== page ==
ray power lzf escape pendant
For Ray the design process, once the idea gets formed, can be relatively straightforward.
“When I get an idea for a composition into my head the first thing I do is try to visualize it as a lighting feature. Lighting is very important to the creation of mood. On a personal level I love pendant lighting, I love the way the light hangs almost like it is there by itself, like the sun in the sky. For me, it’s a lovely expression of light where it should be.
So I try to work to capture that. I want to capture the beauty of geometrics and the ethos of LZF into my creation.
LZF work in a niche market with the wood veneer, a contemporary style never too far off trend and the same applies to geometric design.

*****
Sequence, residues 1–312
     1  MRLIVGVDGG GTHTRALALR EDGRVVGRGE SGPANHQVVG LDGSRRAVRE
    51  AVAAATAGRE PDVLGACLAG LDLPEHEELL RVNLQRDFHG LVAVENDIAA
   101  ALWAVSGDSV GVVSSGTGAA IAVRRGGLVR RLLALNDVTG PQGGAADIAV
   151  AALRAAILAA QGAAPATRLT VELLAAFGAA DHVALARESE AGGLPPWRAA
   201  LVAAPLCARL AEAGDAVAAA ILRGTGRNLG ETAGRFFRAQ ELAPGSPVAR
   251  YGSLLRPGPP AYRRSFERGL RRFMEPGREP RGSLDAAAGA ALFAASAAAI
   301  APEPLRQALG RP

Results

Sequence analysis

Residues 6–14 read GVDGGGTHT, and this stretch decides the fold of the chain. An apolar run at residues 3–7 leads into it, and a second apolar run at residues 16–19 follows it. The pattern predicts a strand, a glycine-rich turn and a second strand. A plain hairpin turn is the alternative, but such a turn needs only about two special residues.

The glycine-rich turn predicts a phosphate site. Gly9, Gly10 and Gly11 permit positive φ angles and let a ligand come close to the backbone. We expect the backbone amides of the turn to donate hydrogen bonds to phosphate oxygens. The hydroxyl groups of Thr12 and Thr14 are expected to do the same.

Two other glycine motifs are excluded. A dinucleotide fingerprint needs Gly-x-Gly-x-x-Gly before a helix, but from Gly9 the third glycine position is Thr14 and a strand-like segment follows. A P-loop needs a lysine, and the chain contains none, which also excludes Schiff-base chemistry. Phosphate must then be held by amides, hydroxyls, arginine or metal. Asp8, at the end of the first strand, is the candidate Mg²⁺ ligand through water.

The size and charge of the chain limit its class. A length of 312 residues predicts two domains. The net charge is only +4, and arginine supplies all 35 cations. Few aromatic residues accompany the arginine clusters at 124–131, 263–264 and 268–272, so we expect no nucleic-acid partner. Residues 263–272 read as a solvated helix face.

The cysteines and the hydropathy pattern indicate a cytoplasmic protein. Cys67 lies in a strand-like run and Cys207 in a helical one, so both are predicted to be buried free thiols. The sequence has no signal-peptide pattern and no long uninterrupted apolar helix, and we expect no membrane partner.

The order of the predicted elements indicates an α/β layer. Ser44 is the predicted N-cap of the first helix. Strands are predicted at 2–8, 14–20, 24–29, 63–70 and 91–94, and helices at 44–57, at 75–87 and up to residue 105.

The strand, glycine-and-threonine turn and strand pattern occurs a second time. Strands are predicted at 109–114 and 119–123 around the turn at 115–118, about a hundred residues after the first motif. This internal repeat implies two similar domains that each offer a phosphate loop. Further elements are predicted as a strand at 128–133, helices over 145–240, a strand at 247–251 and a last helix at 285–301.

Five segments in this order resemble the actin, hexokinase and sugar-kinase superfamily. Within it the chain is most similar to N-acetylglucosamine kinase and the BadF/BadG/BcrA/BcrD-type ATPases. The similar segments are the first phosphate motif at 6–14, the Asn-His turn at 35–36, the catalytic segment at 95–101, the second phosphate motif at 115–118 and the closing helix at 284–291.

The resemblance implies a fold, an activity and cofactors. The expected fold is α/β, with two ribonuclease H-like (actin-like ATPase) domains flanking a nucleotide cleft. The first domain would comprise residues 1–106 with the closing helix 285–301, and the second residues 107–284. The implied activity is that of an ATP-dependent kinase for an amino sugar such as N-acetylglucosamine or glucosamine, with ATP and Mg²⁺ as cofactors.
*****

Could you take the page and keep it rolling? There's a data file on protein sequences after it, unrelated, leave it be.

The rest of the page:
Sometimes a geometrical composition will be a good idea but won’t work as a lighting feature.
The idea needs to be practical too because at the end of the day your name is going to be associated with it and you are responsible for it. I am very lucky to be working with LZF, as they are very open to ideas and they invite me to come up with inspirational features. The ultimate aims of my compositions are to light up a space properly so it’s about working with design and functionality.
Chinese lanterns and oriental designs are very chic and in-vogue at present but will these still be the case in a few years? With a geometric design you are never too far out of fashion”
Matching the concept with function and tracing the development from notes on a page to a hanging feature can often be a time consuming affair but there are some eureka moments.